Our relatives arrived in the States from Italy between 1900 and 1921. My maternal grandma and grandpa lived in the same house with us. So reading My Brilliant Friend, I wondered whether these two inseparable main characters were anything like people I knew when I was growing up in Connecticut.
I knew about dialects because my grandparents teased one another about them – one sounded like a peasant, another person sounded like a rich man. They laughed about this. In Italy “Il Duce” had tried to enforce one Italian language, but he failed. The language issue was part of a larger plan – to place power-mongering peasants in charge of some land and watch them fall apart.
Elena and Lila, the best friends in the novel, grew up in families rich in history, in tradition, and a grueling need to work to the point of exhaustion. Some were moody, out-of-control with anger. Some of the women were lame, or blind, and they loved/hated their daughters. A few ended their days in the mental hospital. Some men ended up in prison after a bar fight.
In Italy, school was not thought to essential, particularly for girls, who were to prepare for marriage and motherhood. Here in the United States, free public education had been required for many decades. The girls manages to manipulate themselved into school, with just the right portion of false humility and sheer craftiness. Lila absorbed the fine details of Greek and Latin, and pretended not to care at all about her grades. Elena obsessed about her school work and lost sleep wondering if she would get some attention from the beloved, ruthless teacher. Lila, the mystic, had deep, lengthy mood swings, and she was very fearful. On the other hand, she spoke slang, and she had a full vocabulary of insults to rain down upon anyone who would mess with her head.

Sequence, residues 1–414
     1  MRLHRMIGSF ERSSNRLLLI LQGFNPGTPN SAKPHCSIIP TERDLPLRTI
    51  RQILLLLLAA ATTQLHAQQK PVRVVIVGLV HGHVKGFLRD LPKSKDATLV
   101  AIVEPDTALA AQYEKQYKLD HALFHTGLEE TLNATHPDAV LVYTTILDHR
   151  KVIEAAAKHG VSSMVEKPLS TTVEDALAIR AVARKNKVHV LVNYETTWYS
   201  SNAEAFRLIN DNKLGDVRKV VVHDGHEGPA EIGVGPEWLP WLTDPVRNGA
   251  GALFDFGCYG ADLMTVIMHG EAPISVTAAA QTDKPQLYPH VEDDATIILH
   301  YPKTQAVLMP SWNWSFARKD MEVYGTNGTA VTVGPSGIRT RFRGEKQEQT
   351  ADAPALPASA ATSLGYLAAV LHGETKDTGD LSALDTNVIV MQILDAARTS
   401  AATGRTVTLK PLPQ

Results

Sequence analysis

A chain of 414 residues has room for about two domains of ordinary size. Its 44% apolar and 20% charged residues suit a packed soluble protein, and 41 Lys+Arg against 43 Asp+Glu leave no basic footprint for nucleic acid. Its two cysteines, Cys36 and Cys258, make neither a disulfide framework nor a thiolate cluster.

One of the fathers was killed by a neighbor who was jealous; the people in the neighborhood tread lightly around them.. Lila was afraid her brother Rino would become a monster. Elena thought herself to be ugly, plagued with acne, until her time away on a Greek island helping an elderly lady when she saw clearly that she, too, would be beautiful. Her only satisfaction – and she had to repress this – was her incredible joy about school. The teacher gave her extra lessons (and enjoyed praise from the parents), and watched her, paid attention to her. The teen years were wild, as in Asphalt Jungle, but the underlying fear was always there, occasionally ending in violence.
Ferrante is fiercely dedicated to telling the reader the truth about Italians. She apparently uses her own life experiences in her dark, authentic novel. Ironically, no one knows who she is. She has managed to keep her identity secret. Italy was devastated by the war, and some provinces had to be completely rebuilt. Times for this extended set of families were fraught with anxiety, worry, fear of another unknown disaster, ambivalence even about what they secretly bragged about.
The prose in My Brilliant Friend is deep and rich. Ferrante’s characters are gritty, real, lawed, and gifted. You linger in the background, trying to catch a whispered comment passed by a frustrated mother, or the emotionally stifled teen, or an old person who is absolutely convinced that tragedy will kill them all.
I am eager to read the other books in this series. Ferrante offers a melodrama set in post-WWII Italy. There was poverty in my family also, but we didn’t realize it, so we were pretty content. In the end, good and bad things happen to people, whether they are virtuous or not.